I used one of my personal presets here—Preset Menu > 04 – Artists > Andrew Emil > KanKrunch—to give these already rhythmic parts some more space, width, and motion to ornament the percussive details even further than their already syncopated counterpoint relationship.
2. The Bass/Guitar
The live electric bassline is a main focal point of the groove, but a leading member of the musical idea contained in this Electric Funk instrumental. I want to keep that focus on the bass guitar sounding—and feeling—like it’s still hitting you in the chest while it also feels like it’s surrounding you.
The Instant Flanger Mk II H910ish Preset (Bass)
Set This Up: Using a doubling metallic-like stereo crunch—Preset Menu > 03 – Metallic > H910ish Preset—by again, parallel processing the centerpiece groove utility aka the bassline of this song, for the most control over the modulation dynamics, wet/dry amount, and the amount of stereo width.
The Instant Flanger Mk II Funk Bass Preset (Guitar)
I needed a lot more modulation/oscillation from the processor to make the rhythm guitar mute patterns jump out of the center image, but also feel more like a wide staccato pattern of guitar strumming.
Set This Up: Use a setting described as subtle—Preset Menu > 01 – Subtle > Funk Bass Preset—and this stock setting gives me a more distinct center image with the stereo sides a bit more subtle.
3. The Keys
For the three main keyboard parts of this track—Synth Brass, E. Piano Chords, and Synth Stab—I used two of the subtle effects from this device to get wider stereo imagery in the instrumental parts, creating more motion in the section.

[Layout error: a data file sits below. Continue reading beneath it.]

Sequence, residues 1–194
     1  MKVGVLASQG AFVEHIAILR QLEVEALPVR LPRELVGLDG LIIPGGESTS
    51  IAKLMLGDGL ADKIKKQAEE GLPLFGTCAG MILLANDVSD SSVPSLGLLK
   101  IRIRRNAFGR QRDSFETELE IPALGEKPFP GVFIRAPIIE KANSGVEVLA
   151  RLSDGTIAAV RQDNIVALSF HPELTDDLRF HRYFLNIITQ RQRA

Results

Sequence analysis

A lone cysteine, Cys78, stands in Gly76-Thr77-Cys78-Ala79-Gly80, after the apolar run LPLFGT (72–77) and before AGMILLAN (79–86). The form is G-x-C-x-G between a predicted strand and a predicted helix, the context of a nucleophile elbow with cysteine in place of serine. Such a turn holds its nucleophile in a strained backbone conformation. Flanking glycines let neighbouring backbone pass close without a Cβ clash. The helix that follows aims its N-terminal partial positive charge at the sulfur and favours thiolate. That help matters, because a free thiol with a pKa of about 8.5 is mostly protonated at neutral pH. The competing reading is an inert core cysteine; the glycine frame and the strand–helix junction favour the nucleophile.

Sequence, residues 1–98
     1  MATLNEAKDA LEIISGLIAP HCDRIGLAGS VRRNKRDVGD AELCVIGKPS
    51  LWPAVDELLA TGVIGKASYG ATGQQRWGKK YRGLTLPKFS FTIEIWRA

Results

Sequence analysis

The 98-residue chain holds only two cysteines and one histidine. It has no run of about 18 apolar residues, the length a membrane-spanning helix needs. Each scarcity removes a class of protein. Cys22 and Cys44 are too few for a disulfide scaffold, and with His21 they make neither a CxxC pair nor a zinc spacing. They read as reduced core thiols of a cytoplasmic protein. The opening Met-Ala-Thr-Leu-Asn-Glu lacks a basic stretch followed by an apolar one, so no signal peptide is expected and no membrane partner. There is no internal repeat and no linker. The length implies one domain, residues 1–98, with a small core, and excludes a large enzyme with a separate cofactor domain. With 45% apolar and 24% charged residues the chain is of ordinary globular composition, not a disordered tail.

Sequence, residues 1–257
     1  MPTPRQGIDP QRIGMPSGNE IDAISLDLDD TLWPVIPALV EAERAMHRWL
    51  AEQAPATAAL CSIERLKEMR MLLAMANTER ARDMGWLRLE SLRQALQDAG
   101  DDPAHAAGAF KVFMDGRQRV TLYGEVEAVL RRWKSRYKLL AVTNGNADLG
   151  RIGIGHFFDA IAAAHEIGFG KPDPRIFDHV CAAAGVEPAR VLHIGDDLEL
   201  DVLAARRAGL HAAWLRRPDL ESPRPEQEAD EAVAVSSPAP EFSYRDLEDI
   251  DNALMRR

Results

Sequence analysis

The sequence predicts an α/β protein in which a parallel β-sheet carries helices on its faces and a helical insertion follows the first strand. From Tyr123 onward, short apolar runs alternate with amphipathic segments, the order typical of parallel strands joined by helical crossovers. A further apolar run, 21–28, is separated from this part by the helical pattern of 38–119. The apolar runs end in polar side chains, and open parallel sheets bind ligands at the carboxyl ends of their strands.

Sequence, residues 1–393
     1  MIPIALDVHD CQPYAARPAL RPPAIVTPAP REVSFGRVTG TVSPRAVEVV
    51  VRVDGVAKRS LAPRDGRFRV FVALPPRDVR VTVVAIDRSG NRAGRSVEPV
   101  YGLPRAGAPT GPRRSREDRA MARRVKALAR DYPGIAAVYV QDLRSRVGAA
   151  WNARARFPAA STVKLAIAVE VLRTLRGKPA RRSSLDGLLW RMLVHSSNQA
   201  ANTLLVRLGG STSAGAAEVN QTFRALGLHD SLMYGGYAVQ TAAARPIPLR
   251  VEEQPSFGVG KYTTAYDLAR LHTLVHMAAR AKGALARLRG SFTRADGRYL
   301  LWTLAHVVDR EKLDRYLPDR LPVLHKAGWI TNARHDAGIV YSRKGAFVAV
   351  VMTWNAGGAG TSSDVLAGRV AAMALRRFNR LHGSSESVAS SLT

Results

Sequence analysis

For the main Synth Brass and the Synth Stab sounds I used one of two presets—Preset Menu > 01 – Subtle > Woozy Preset—that I use often with the Instant Flanger Mk II for adding that extra character and life to bland sounds.
The Instant Flanger Mk II Dry Acoustic Preset (Keys)
For the E. Piano Chords sound, I used the other one of the two presets—Preset Menu > 01 – Subtle > Dry Acoustic Preset—that I find highly useful for these types of instrumental sounds and timbres. These two settings offer much of the character of the processor without overpowering the initial audio.
The Instant Flanger Mk II Woozy Preset (Synths)
Set This Up: Insert the processor on each individual channel directly inline on the channel, as I want to have this musical element on that channel be fully contained by the Instant Flanger. This is a very quick way to get instantaneously cool sounds and sonics.
4. The Synths
The final touches on this keys and synth section mix come from using three different types of reverb from the SP2016 Reverb, and another one from the extraterrestrial reverb, Blackhole® Reverb to achieve a well-balanced, and colorful variety of space design effects.
Set This Up: Aux send the E.Piano Chords to a plate reverb with the SP2016 Reverb—Preset Menu > 01 – Spaces > 02 – Medium > New Plate Preset—send the Main Synth Brass to room sound reverb with the—Preset Menu > 01 – Spaces > 03 – Large > Sheen Preset—the Synth Stabs to a stereo room—Preset Menu > 01 – Spaces > 02 – Medium > Subtle Stereo Preset—reverb space.
The SP2016 New Plate, Sheen, Subtle Stereo Presets, and Blackhole Nebula Preset
Finally, I group the Synth Pads together and aux send them to the Blackhole® Reverb, using a long-time personal favorite processor and—Preset Menu > 01 – Factory Presets > Nebula Preset—stock patch.
Spread Your Music Around | Flange To The Future
The use of modulation and stereo field spreading or imaging devices will inherently change the fundamental sound of the audio, therefore it’s always a good practice to start small, adding the effect progressively, as incredible results can be achieved with very little application.
> FREE & FULLY-FUNCTIONAL 30-Day Trial of The Instant Flanger Mk II Plug-in: HERE <
> FREE & FULLY-FUNCTIONAL 30-Day Trial of The SP2016 Reverb Plug-in: HERE <
> FREE & FULLY-FUNCTIONAL 30-Day Trial of The Blackhole Reverb Plug-in: HERE <